older, qualifying OS becomes part of (or subsumed by) the upgrade
license. Under those circumstances, it wouldn't be "kosher" to have a
separate installation of the older OS.


--

Bruce Chambers

Help us help you:
http://dts-l.org/goodpost.htm
http://www.catb.org/~esr/faqs/smart-questions.html

They that can give up essential liberty to obtain a little temporary
safety deserve neither liberty nor safety. -Benjamin Franklin
 
Reply With Quote
 
Colin Barnhorst
Guest
Posts: n/a
 
      07-22-2006
However, in the case of XP Pro x64, there is only an OEM edition. Once he
uses the rights from the Vista Upgrade EULA his XP Pro x64 license is void.
The only way he can maintain his XP Pro x64 license is to leave the OS
intact and install a full edition of Vista.

"John Boy" <(E-Mail Removed)> wrote in message
news:(E-Mail Removed)...
> DP wrote:
>> I realize this is putting the cart about a mile in front of the horse,
>> but there are knowledgeable people on the NG who are always willing to
>> help. So I will ask this premature question.
>>
>> Microsoft has said that x64 users will qualify for "upgrade" pricing to
>> Vista but will still have to do a clean install.
>> My question is, under those circumstances, does that mean the x64 license
>> is invalidated once I install Vista? This question is relevant because if
>> the license is invalidated, I can't legally do a dual boot of x64 and
>> Vista, right? If I get Vista as an "upgrade" to x64, wouldn't it be safe
>> to assume the license for x64 had then migrated to Vista?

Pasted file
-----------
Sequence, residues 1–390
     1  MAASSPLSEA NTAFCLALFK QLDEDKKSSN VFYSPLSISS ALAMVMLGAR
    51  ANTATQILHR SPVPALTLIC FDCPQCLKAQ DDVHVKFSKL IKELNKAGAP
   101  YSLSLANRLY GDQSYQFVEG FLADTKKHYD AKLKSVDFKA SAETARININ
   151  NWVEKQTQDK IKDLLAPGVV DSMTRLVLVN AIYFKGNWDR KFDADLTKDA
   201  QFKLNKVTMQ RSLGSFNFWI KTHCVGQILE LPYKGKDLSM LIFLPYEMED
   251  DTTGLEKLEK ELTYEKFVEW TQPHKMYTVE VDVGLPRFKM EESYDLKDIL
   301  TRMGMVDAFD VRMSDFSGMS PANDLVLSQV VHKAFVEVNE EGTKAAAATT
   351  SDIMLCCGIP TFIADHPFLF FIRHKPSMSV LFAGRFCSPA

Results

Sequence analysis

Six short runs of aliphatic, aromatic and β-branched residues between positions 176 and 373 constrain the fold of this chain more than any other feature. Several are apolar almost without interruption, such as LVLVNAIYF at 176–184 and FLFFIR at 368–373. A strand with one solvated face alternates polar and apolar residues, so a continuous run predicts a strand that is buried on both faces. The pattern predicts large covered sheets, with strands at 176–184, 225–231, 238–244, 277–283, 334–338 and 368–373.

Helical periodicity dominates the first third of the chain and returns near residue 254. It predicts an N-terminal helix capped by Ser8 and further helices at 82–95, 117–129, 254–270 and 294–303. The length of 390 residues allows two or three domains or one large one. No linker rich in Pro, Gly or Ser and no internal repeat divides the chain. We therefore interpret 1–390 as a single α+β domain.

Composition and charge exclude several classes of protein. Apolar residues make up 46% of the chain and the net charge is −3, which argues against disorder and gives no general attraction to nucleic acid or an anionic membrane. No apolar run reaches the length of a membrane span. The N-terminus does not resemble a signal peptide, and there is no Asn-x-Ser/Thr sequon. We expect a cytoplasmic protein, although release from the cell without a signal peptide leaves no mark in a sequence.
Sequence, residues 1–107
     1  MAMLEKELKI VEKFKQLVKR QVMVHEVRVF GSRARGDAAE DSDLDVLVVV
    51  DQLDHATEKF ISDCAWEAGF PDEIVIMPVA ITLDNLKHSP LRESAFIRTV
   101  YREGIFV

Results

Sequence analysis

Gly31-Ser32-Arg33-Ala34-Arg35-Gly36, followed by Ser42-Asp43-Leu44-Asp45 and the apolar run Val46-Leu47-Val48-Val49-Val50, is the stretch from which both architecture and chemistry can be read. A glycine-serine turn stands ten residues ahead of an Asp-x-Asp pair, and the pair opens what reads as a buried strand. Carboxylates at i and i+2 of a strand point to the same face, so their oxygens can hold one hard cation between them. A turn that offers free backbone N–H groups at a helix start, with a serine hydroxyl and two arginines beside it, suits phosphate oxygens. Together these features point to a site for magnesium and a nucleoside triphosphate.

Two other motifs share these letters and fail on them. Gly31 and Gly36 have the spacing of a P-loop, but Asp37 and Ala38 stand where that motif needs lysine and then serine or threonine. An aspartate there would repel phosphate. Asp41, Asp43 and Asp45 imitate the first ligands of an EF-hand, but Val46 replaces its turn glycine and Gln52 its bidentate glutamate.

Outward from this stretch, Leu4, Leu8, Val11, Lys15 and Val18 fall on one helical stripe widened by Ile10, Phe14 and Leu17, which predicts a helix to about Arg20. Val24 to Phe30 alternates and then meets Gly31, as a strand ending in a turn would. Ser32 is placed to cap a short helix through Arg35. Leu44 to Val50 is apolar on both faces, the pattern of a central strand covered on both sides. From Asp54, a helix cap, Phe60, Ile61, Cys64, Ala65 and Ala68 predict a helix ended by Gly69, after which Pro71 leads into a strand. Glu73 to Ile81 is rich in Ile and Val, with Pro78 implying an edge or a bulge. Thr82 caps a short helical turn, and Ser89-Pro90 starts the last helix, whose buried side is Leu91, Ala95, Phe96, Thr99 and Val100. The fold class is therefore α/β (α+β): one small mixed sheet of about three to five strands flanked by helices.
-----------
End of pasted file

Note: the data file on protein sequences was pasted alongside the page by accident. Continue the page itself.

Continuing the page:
>>

>
> It is just like it is today. If you go to a retail store you usually find
> either a "full" retail package or a "upgrade" package.
>
> When you buy the "full" package, there is no verification of ownership of
> a "qualifying version" to install the new version.
>
> When you buy the "upgrade" version, you are asked to insert a floppy disc
> or CD from a previous "qualifying version" before the install will proceed
> if you are doing a clean install. If you use the "upgrade" on a system
> with windows already installed, it won't ask you for a disc.
>
> Neither version affects you previous version that I am aware of. You can
> do a dual/multi install and have both the old and new version installed at
> the same time.
>
> The "Upgrade" version is less expensive that the "Full" version. So, you
> get the "Upgrade" for a "Special" price! It's been that way for as long
> as I can remember, even with DOS, both MS & IBM.
>



 
Reply With Quote
 
DP
Guest
Posts: n/a
 
      07-22-2006

Thanks everybody.
I think not only did I put the cart before the horse. I beat the horse to
death and then kept on beating.

I think the answer is clear: I can't legally use both.

Now I'll just sit back and see what kind of upgrade price MS offers x64
users when Vista finally goes retail.



 
Reply With Quote
 
Colin Barnhorst
Guest
Posts: n/a
 
      07-22-2006
Home Basic should be $99 for an upgrade the way I read the matrix and recent
statements from MS. Ultimate upgrade should be around $249 (just a guess).

"DP" <(E-Mail Removed)> wrote in message
news:OF%23%(E-Mail Removed)...
>
> Thanks everybody.
> I think not only did I put the cart before the horse. I beat the horse to
> death and then kept on beating.
>
> I think the answer is clear: I can't legally use both.
>
> Now I'll just sit back and see what kind of upgrade price MS offers x64
> users when Vista finally goes retail.
>
>
>



 
Reply With Quote
 
 
 
Reply

Thread Tools

Posting Rules
You may not post new threads
You may not post replies
You may not post attachments
You may not edit your posts

BB code is On
Smilies are On
[IMG] code is On
HTML code is Off
Trackbacks are On
Pingbacks are On
Refbacks are Off


Similar Threads
Thread Thread Starter Forum Replies Last Post
Installing x64 Vista on Vistual PC 2007 with host Vista x64 =?Utf-8?B?cnBnX2NvZGVfbWFzdGVy?= Windows 64bit 6 06-16-2007 04:56 PM
How to invalidate cache? the4man ASP .Net 0 02-18-2006 09:52 AM
Invalidate cache of AuthorizationStoreRoleProvider in ASP.NET 2.0 RoleManager Weaver ASP .Net 0 01-18-2006 02:19 PM
How to invalidate the cache... ~~~ .NET Ed ~~~ ASP .Net 0 11-03-2004 09:50 AM
How to validate session before invalidate jfuture_99@yahoo.com Java 1 02-11-2004 05:02 AM



Advertisments